What is still needed is a touch sensing apparatus with reduced circuitry complexity, improved sense sensitivity, improved efficiency, and lower manufacturing costs.

SUMMARY OF THE INVENTION

A touch sensing apparatus is provided. A preferred embodiment of a touch sensing apparatus includes a flip-flop, an alternating current (AC) signal source, a sensor, a first integration circuit, and a second integration circuit. The flip-flop has a first input, a second input, and an output. The alternating current (AC) signal source is for supplying AC signals to the first input and the second input of the flip-flop. The sensor connects to the first input of the flip-flop and configured for receiving electricity signals from an object that touches the sensor. The first integration circuit connects the second input of the flip-flop to the AC signal source and for delaying the AC signal inputted to the second input of the flip-flop. The second integration circuit connects the first input of the flip-flop to the AC signal source and for delaying the AC signal inputted to the first input of the flip-flop. The detector electrically connects to the output of the flip-flop and is for detecting a change at the output of the flip-flop. The flip-flop outputs a first output signal at the output thereof when the sensor is not touched. The sensor receives electricity signals from the object, and causes a delay of the AC signal inputted to the first input of the flip-flop, the delay of the AC signal inputted to the first input of the flip-flop further causes the flip-flop to output a second output signal at the output thereof. The detector detects a change from the first output signal to the second output signal at the output of the flip-flop and accordingly identifies a touch on the sensor.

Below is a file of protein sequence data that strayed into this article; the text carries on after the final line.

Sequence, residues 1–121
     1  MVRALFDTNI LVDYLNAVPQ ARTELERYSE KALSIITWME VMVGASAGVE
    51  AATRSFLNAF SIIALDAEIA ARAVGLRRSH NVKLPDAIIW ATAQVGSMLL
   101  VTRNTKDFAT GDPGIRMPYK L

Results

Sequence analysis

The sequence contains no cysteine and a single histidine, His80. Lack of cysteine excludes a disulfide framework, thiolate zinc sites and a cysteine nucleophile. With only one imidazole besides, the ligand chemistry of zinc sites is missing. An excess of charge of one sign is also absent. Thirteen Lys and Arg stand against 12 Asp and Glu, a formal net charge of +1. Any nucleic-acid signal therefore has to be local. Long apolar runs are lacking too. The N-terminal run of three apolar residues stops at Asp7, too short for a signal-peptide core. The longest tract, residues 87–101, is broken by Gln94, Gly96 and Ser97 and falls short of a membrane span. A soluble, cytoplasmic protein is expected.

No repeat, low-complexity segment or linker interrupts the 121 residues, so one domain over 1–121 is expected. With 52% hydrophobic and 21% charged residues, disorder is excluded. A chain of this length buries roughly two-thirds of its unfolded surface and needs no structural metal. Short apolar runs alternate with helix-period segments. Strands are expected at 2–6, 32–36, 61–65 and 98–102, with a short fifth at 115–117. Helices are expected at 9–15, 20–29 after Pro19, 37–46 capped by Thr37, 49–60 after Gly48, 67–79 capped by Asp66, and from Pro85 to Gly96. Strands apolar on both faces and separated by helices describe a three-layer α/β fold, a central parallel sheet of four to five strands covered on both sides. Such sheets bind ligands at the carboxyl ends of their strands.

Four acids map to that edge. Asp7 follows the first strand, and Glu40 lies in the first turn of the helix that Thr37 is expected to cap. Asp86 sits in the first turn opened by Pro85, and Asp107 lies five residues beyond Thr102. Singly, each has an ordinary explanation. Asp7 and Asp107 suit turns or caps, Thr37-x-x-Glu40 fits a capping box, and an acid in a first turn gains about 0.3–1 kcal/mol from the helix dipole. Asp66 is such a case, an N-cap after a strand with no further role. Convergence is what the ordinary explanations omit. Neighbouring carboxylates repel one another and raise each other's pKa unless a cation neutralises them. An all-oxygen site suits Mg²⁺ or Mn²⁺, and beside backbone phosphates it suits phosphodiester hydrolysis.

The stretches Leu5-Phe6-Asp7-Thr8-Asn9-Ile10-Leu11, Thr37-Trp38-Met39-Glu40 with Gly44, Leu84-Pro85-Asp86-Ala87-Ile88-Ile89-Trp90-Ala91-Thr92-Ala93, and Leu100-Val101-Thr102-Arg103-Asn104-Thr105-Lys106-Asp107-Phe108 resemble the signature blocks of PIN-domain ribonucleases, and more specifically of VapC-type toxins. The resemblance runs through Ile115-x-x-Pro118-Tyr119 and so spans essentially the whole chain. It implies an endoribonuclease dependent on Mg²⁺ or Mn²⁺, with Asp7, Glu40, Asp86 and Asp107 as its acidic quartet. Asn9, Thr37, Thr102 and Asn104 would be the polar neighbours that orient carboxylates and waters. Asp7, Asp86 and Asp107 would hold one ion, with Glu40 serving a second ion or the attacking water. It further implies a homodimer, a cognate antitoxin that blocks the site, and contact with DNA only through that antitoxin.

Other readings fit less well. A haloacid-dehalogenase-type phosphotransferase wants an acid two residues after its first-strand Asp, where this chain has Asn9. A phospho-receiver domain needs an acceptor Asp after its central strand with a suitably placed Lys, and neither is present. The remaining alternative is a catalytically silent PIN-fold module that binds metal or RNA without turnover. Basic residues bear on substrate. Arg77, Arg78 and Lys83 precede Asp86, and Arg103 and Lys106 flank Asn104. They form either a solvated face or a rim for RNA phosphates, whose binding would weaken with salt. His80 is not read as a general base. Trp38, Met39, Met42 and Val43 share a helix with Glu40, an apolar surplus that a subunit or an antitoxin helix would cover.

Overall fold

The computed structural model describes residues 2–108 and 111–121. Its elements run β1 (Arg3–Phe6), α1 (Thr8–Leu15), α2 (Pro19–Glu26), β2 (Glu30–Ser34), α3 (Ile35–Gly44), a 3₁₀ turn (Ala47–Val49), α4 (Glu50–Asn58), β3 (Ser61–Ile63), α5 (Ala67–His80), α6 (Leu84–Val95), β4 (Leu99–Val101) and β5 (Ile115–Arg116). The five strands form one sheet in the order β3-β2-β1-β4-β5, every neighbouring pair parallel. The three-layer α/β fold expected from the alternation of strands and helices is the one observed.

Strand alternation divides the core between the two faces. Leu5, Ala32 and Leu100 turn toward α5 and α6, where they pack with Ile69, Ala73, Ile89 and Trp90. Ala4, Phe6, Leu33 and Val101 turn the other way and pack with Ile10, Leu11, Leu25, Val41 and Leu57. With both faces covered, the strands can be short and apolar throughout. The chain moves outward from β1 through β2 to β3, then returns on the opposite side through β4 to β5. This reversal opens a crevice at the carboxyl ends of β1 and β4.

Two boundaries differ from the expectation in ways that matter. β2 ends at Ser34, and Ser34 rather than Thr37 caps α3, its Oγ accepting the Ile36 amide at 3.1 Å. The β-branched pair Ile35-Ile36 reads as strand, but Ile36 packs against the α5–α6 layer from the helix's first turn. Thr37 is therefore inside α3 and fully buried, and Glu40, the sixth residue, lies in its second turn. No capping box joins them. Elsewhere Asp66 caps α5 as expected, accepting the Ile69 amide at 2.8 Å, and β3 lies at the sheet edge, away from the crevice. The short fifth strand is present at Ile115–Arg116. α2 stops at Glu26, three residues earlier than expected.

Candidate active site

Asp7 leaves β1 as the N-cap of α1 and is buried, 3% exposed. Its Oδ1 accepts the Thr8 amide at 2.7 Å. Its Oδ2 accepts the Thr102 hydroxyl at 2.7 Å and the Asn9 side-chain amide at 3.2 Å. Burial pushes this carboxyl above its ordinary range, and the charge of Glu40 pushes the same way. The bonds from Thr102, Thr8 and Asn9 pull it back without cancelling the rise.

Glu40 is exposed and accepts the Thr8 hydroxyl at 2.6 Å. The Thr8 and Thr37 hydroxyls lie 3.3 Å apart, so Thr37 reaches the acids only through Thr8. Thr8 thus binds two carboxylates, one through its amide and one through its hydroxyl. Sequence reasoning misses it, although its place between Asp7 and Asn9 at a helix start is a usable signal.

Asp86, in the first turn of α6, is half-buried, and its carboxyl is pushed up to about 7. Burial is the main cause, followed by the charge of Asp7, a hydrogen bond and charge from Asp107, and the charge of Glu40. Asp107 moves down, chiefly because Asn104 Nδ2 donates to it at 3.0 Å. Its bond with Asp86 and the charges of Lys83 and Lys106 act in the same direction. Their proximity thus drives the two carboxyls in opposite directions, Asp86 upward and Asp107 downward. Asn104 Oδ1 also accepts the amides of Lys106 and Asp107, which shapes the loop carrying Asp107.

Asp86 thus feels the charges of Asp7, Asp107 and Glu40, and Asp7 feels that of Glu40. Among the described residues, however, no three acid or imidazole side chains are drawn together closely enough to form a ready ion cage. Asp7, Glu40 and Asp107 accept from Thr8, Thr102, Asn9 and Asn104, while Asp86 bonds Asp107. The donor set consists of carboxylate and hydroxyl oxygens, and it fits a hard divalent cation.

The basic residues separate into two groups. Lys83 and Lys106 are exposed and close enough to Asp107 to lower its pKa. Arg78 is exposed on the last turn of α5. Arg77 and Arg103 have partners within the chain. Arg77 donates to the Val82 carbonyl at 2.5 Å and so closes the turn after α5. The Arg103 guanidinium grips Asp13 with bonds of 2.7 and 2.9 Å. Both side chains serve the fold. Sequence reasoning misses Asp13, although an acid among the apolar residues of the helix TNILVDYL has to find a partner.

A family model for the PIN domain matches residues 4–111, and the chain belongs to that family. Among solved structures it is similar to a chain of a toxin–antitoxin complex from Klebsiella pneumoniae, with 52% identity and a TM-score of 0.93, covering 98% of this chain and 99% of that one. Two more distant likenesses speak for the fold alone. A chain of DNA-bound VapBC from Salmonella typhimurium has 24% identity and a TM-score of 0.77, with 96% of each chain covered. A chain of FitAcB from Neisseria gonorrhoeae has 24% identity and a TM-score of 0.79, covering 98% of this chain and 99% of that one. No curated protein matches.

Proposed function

Other advantages and novel features will be drawn from the following detailed description of the preferred embodiment with reference to the attached drawings, in which:

BRIEF DESCRIPTION OF THE DRAWINGS

FIG. 1 is an exemplary circuit diagram of a touch sensing apparatus in accordance with a first preferred embodiment of the present invention;

FIG. 2 is a waveform diagram of the input and output signals of the D-type flip-flop when the sensor is touched/not touched correspondingly by the electrical conducting object according to the FIG. 1;

FIG. 3 is an exemplary circuit diagram of a touch sensing apparatus in accordance with a second preferred embodiment of the present invention;

FIG. 4 is an waveform diagram of the input and output signals of the D-type flip-flop when the sensor is touched/not touched correspondingly by the electrical conducting object according to the FIG. 3;

DETAILED DESCRIPTION OF THE INVENTION

FIG. 1 is an exemplary circuit diagram of a touch sensing apparatus in accordance with a first preferred embodiment of the present invention. The apparatus mainly includes a differential signal source 11, two conductors 12, a sensor 13, an alternating current (AC) signal source 14, a D-type flip-flop 15, a detector 16, a microcontroller unit (MCU) 17, a first integration circuit 18, and a second integration circuit 19.